- Bishop Jones will be leaving Great Plains.
And so that means the Texas, Oklahoma, Rio Texas, Missouri, and Great Plains ACs will be anticipating a new bishop this year.
It is the task of the SCJ Episcopacy Committee to make these assignments.
Every AC delegation has 2 people on the Episcopacy Committee. This year, the Great Plains AC actually as 6 people on the committee, since that one AC was 3 ACs four years ago. Also, I think Rio Texas may have 4 people, since they were 2 ACs four years ago. It is also noteworthy that some members of the Episcopacy Committee are not actually delegates to the SCJ meeting.
For Missouri, our two are Rev. Cody Collier and Brian Hammons, the first clergy elected and the first layperson elected to our delegation, respectively.
Once the committee makes the assignments, they gather the bishops together with their families, and let them know. They then come into the conference hall, literally minutes later, and announce to the delegates where each of the bishops have been assigned.
And then … that’s it. It’s over and we in Missouri begin a new chapter with a new bishop, as well as four other ACs in our SCJ.
But … there’s another wrinkle for Missouri this year. We have 2 people on that list of those who have said officially that they would like to be considered for bishop. Bob Farr and Lynn Dyke may very well be elected bishop, and then the question is where would they be assigned. Consider, it is not forbidden for bishops to be assigned to serve the AC from which they came, but it is very rare.
And then, if either or both were elected bishop, of course their current appointments would need to be filled, which would create more shifts in pastoral leadership in Missouri this fall. Lynn is the Ozarks District Superintendent and Bob is on conference staff as the Director of Congregational Excellence.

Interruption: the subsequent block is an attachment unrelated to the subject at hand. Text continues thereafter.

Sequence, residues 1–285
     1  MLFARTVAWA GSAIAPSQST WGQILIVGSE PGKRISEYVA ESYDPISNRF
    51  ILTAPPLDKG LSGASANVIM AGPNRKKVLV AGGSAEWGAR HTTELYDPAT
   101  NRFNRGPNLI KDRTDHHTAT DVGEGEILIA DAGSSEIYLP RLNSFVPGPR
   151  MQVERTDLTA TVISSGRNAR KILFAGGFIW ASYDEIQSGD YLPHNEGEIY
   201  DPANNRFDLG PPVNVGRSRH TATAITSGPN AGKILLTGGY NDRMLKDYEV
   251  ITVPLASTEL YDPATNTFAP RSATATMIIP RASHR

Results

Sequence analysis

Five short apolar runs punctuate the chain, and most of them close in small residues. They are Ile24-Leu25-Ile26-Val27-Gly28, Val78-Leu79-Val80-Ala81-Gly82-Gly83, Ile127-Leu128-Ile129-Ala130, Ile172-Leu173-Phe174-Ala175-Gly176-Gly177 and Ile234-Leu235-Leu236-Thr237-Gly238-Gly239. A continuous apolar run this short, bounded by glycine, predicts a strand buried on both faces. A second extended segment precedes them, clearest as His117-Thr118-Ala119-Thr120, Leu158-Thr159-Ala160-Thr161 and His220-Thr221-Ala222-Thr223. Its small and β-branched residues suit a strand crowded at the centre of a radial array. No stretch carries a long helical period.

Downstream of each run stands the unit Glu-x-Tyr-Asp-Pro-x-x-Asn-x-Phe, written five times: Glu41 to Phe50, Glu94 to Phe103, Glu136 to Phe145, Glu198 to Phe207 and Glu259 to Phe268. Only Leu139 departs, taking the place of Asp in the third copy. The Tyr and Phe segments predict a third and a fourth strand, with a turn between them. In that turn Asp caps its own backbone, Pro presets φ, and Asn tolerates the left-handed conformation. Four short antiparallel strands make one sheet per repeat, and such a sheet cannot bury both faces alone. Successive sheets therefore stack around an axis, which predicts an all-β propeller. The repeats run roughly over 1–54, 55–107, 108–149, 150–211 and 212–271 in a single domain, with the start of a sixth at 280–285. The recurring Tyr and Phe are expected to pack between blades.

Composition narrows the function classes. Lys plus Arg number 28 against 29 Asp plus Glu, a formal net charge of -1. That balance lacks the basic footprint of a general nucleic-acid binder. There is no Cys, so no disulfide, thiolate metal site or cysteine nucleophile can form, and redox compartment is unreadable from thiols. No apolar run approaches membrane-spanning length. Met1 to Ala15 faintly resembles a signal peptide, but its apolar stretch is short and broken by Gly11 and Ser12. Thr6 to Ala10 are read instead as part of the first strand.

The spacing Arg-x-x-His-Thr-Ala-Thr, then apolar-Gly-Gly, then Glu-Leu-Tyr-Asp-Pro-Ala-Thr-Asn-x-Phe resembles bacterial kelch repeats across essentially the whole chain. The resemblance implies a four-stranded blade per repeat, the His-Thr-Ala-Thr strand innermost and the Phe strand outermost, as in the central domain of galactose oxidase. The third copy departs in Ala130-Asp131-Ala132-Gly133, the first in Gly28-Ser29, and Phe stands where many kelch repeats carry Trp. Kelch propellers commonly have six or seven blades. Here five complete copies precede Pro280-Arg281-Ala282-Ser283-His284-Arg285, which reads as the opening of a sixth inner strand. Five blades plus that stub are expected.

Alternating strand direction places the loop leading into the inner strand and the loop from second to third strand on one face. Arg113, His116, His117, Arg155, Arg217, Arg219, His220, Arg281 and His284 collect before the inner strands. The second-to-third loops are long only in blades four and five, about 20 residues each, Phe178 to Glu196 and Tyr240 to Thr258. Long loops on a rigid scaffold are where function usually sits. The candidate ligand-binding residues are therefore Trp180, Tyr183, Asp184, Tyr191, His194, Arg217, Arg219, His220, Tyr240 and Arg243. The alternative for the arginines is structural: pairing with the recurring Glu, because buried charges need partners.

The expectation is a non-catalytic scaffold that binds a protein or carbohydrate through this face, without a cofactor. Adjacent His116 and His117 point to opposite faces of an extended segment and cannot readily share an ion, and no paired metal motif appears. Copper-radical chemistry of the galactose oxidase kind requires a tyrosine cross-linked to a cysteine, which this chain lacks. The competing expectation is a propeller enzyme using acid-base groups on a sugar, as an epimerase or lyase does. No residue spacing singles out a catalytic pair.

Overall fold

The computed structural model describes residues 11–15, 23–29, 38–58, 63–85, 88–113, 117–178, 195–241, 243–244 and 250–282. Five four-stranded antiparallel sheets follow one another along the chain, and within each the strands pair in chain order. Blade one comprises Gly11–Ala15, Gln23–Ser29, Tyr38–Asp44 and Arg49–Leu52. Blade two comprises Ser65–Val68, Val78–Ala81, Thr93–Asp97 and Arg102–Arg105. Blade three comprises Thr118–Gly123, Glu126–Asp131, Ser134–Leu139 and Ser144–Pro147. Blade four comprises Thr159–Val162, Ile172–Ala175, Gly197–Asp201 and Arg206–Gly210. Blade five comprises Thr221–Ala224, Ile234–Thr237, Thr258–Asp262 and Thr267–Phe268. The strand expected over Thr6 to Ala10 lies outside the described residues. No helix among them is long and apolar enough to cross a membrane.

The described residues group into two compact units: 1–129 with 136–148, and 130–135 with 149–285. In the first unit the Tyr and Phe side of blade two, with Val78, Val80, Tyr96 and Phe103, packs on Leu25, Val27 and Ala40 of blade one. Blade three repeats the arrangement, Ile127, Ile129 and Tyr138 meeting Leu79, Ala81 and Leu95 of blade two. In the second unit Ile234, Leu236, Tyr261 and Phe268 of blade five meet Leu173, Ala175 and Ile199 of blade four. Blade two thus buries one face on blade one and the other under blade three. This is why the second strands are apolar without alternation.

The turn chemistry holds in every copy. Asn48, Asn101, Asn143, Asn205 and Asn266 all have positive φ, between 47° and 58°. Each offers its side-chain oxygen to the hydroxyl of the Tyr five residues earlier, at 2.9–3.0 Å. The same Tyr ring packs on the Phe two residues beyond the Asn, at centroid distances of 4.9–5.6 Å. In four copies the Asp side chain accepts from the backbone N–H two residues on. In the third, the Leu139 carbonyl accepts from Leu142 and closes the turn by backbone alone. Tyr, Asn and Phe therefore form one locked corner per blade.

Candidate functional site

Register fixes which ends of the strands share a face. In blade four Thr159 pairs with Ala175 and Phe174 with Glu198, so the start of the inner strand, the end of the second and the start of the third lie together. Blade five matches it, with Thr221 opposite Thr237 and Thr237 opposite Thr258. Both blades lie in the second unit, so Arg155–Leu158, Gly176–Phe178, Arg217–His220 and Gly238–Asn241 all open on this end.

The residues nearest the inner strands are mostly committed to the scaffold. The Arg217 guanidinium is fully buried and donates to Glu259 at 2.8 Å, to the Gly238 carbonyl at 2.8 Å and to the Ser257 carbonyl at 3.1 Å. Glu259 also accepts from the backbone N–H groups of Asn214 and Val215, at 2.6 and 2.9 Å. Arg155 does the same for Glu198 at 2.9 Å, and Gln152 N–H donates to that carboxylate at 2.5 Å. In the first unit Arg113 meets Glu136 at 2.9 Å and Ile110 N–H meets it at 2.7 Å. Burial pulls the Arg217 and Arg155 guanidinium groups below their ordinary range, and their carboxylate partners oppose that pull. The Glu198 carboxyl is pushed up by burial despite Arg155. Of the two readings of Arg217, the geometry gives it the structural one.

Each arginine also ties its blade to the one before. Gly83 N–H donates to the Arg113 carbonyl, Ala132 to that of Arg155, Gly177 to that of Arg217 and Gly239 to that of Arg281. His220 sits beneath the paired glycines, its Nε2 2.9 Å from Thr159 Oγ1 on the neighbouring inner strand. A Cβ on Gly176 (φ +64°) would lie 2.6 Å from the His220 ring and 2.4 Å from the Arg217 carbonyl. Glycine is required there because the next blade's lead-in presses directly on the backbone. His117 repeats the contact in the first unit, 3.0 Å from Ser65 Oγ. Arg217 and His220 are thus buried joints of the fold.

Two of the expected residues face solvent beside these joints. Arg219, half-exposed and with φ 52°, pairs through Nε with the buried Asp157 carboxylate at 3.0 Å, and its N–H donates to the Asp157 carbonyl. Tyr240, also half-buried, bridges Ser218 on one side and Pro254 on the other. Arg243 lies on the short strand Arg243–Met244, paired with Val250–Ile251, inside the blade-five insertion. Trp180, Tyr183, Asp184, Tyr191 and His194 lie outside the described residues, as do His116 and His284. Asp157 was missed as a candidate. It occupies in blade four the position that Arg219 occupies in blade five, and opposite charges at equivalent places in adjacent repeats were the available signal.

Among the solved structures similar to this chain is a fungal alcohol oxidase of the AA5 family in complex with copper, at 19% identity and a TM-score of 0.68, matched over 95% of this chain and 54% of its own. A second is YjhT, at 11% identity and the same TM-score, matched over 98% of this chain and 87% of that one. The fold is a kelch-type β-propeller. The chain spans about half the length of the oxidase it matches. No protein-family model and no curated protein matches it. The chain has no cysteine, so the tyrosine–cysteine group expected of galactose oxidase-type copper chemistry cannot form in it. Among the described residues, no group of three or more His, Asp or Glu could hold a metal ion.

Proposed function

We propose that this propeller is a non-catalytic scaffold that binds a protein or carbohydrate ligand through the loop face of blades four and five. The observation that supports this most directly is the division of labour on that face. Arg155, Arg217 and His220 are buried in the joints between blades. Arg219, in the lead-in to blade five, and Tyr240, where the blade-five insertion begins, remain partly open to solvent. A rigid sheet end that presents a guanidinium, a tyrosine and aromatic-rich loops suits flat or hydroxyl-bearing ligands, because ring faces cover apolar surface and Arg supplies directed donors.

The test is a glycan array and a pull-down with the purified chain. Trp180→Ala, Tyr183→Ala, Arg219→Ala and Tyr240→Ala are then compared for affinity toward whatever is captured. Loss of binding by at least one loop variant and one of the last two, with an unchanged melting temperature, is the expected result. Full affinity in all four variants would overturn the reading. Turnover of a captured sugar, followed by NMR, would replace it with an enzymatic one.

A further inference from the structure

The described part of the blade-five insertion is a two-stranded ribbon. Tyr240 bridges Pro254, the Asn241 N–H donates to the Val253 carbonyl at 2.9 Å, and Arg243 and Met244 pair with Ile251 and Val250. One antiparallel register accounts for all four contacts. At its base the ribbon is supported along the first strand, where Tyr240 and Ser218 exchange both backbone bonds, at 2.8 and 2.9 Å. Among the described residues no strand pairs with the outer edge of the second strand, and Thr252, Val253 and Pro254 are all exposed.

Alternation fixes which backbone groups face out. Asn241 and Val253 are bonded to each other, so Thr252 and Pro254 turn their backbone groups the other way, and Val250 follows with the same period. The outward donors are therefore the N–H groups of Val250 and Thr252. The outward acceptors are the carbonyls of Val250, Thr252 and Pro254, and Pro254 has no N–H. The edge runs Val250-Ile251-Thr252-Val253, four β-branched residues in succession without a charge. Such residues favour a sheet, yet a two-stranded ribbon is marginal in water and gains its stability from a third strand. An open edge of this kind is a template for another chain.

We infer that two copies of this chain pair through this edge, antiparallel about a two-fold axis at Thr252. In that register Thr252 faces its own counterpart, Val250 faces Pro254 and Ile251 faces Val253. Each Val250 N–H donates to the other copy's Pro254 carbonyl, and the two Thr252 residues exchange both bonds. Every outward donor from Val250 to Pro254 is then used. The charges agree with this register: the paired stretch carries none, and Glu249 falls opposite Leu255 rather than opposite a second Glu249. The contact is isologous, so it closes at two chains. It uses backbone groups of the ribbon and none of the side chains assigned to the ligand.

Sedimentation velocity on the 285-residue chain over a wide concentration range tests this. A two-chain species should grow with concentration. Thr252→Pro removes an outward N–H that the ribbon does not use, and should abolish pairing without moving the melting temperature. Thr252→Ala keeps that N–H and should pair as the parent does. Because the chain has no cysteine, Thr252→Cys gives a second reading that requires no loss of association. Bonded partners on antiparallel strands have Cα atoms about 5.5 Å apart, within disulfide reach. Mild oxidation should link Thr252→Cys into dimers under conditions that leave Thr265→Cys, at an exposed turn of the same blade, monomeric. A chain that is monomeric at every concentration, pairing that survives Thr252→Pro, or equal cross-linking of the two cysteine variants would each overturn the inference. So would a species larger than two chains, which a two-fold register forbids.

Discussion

And then remember, this is how it shakes out in just ONE of the FIVE jurisdictions of the UMC in the U.S. Similar processes are happening this same week in four other places around the country.
As I go back and reread this post at this point, it is even more complicated than I realized it was! Wow! And if you are one who actually read the whole thing, then God bless you.
But if you skimmed it and just made your way to here … let me make sure to say this:
I think the election of bishops is one of the most important things we do for the sake of the future of the church. I am honored and humbled to be asked by the Missouri Conference to serve in this capacity; thank you for your trust. I promise I will do all I can to help elect bishops who will serve the church with hopefulness, faithfulness, and love.
My goal is to be driving home from Wichita on Saturday excited about the future of the church. Will you please pray this week for me, for the Missouri delegation, for the bishop candidates and their families, for the South Central Jurisdiction, for the United Methodist Church, and for the Church of Jesus Christ around the world?
God, your kingdom come, your will be done on earth as it is in heaven. Amen.